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19 Ridiculously Simple Lessons in Persuasion

Lesson 13 - Anger

Anger is a powerful emotion that can improve your persuasion skills. But how?

Anger is from focusing on a past event or imagining some outcome of a future event. When you're focused on the past you're not in the present. The past doesn't really exist. It can't be touched. It seems real but it's just a memory in our minds that we allow to distract us from the present.

I'm angry as I write this from something my ex-boss did. I'll call him Dave. He failed to approve someone's access to documentation that I created and gave me a lame excuse.

Think about the last time you were angry. What caused it? There are 9 triggers of rage that have been identified by R. Douglas Fields.

Maybe this, plus the average reviews I got, and lack of a raise piss me off. Anger builds like a bubble and will eventually burst if the pressure's not released.

When you feel anger there's usually a persuasion failure at hand. You can learn from this lesson because two of the Cialdini 7 rules of persuasion Reciprocity and Liking are involved.

Part of my anger might have been a failure to persuade.

So the reason the ex-boss gave seemed weak, something about audit, blah, blah, blah. I'm so glad I'm not working for him anymore. He would rarely say hello, give praise or thank me. Everything to him was easy and he would sometimes raise his voice to me.

I don't like this guy and he probably doesn't like me. Maybe it's because I stopped working for him and started working for someone new. The interesting thing is he tried to put me into a confirmation bias trap, bad-mouthing my new boss.

So I take responsibility for my failure to persuade but I have a few take-aways:

This wasn't something worth fighting for so I didn't pursue it enough to get him to change his mind. I gave up too easily. I could have taken him down and stopped him from continuing the ridiculous rules the freaken bureaucrat was following that I believe he just made up.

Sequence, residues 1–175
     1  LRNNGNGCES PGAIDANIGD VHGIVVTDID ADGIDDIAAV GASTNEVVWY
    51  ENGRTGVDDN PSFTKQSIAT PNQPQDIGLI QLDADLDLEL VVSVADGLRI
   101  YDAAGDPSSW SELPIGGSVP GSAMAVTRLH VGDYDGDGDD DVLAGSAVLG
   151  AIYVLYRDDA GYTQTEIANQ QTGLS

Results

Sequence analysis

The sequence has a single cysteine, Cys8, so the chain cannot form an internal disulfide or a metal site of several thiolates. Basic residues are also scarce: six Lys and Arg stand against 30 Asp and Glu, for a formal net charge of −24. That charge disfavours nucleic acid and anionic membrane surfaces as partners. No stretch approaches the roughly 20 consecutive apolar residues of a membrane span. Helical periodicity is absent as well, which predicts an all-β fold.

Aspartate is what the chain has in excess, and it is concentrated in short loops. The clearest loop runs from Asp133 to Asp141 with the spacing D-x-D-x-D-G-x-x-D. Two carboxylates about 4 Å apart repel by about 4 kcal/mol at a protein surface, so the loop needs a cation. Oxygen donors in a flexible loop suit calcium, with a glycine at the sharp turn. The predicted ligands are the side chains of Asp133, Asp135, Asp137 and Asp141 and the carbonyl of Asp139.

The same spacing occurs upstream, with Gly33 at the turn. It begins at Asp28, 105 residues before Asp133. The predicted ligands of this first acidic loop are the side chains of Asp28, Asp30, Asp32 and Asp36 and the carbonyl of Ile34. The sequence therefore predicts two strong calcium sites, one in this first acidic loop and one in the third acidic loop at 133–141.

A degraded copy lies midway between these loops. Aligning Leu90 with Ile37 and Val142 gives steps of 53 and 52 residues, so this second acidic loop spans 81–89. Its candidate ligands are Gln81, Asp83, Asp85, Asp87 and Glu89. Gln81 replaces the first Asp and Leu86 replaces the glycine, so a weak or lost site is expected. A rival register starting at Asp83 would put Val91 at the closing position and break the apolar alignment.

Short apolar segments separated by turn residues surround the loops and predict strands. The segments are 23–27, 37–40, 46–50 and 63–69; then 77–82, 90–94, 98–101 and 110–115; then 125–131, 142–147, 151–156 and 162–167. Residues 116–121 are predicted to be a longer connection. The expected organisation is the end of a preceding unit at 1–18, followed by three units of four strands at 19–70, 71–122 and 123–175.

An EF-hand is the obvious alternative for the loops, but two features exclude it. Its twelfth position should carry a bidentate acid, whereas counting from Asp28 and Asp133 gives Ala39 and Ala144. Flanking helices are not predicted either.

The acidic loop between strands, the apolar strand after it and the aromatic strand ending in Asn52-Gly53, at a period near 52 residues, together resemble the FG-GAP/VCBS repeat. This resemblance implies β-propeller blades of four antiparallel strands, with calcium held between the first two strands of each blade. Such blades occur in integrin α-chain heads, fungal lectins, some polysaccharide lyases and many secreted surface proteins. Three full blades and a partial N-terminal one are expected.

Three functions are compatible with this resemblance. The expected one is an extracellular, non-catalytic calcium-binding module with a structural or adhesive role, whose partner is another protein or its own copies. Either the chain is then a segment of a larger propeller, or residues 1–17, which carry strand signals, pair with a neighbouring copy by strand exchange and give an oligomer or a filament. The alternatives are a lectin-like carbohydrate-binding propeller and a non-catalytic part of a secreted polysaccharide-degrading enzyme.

Seems like he's trying to get back at me or he's just trying to protect his turf. He doesn't want people to take his IP (intellectual property).

I wasn't likable enough to him. This may be a negative reciprocity event, where he's getting back at me for some slight or thing real or imagined that I did to him.

The weird thing is that this is in a way to my advantage. As my co-worker thinks I have his back but isn't getting information that I have access to. In addition, most of the information was created by me.

So what angers you? Keep records of anytime you feel this emotion and try to identify the trigger. Once you've identified these triggers you can use them to improve your likeability by doing their opposite.

I'm listening to a Scott Adams' podcast and my wife suggests, "You can listen to it in the car." More anger.

I'm not sure why this made me angry. Mindfulness can help reduce the anger by noticing the anger instead of allowing your brain to go into automatic reaction mode.

Remember that making or causing anger in someone may get them to return it to you via the reciprocation principle.

Later I ask my son (really a persuasion attempt) to start a blog. He balks at the idea. I give him a number of benefits to doing it but he still balks. I try to persuade him to watch a Scott Adams video called "The Day You Became a Great Writer" and he balks. This made me angry.

One thing you can do with your anger is the 4Y technique. Just as 4 times "Why?"

Anger is often misplaced. We yell at our spouse because the boss was mean. We get angry at the dog because the toilet stuck. The two most important things to do with anger is:
  1. Ask yourself how could it have been worse?
  2. What triggered the anger and be careful not to use this to trigger someone else
  3. Ask what is the real reason I'm angry
Be aware that your anger can have very negative consenquences:
  • Fights
  • Law suits
  • Jail time
Some questions to explore:Some exercises:

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